Local view for "http://purl.org/linkedpolitics/eu/plenary/2004-07-20-Speech-2-011"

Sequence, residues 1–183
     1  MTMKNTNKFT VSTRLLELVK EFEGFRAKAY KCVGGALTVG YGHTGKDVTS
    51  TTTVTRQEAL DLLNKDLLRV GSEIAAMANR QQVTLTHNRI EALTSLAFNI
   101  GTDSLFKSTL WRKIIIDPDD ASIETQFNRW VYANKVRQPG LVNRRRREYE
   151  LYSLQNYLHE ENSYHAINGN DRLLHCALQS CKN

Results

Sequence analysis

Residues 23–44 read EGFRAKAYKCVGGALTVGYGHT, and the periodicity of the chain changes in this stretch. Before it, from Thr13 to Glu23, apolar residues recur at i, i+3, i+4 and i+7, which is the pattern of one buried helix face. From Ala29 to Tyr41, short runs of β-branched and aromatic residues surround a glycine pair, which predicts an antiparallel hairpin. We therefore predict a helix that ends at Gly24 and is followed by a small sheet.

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"Mr President, ladies and gentlemen, the election of the President of our Parliament constitutes our first political act of this new term of office. What clear and coherent message are we going to deliver to our fellow citizens on this occasion? The question is an important one, given the extent to which the public image of the European institutions has become confused, if not suspect, and with good cause: how are people to find their way around the issue when, for all these years, votes from the left and right have systematically combined to administer the liberal economic model, or when Mr Blair and Mr Aznar, like their supporters in this House, have combined their efforts to support George W. Bush in his military adventure. As many of us said during the recent election campaign, the moment has come to put an end to these confused identities and to make the divisions between progressives and conservatives visible and comprehensible. My candidacy has no objective other than that of being faithful to this commitment. In the first round of this highly symbolic election, it offers all left-wing MEPs the opportunity to express their disagreement with unnatural arrangements, whether they be traditional ones, such as that linking the Group of the Party of European Socialists to the Group of the European People’s Party (Christian Democrats) and European Democrats, or less expected but no less pernicious arrangements, like that which at present links the Group of the Greens/European Free Alliance to the Group of the European Liberal, Democrat and Reform Party. In the second round – if second round there be – the vast majority of my group will adopt an attitude in keeping with the adage: in the first round, you choose; in the second, you eliminate. We respect Mr Geremek as an eminent European intellectual, and we recognise the importance of the role he played as a political player during a crucial period in the history of our continent. We cannot, however, support his candidacy when it comes either to the very orthodox options he perceives in economic and social matters – options we believe are at the heart of the disaffection demonstrated by our fellow citizens at the last elections, both in the old Member States and still more so in the new ones – or when it comes to his positions on the war in Iraq, which is, for us, the symbolic issue. I would point out that Mr Geremek – who, I am not embarrassed to say, usually has the courage of his convictions – has embraced the logic of the Vilnius Ten’s manifesto, whereas the left in the European Parliament has, for its part, sided with public opinion, the majority of which, unlike Madrid in Warsaw, aspired to a political solution under the aegis of the United Nations. In our view, the attitude adopted to the war is even more than an issue of political etiquette. That is the way it is. The former group chairmen will remember the proposal I made that the latest Sakharov Prize be awarded to a liberal politician, Mr Hans Blix, who, above and beyond the political choices he perceived, symbolised this other way for which we hoped and prayed. With the exception of three MEPs, who have stated that they will abstain, my group will therefore transfer its votes to Mr Josep Borrell in the second round of this ballot. Although our choice can of course be criticised, neither its coherence nor its clarity can be disputed. That too is what democracy is about."@en1

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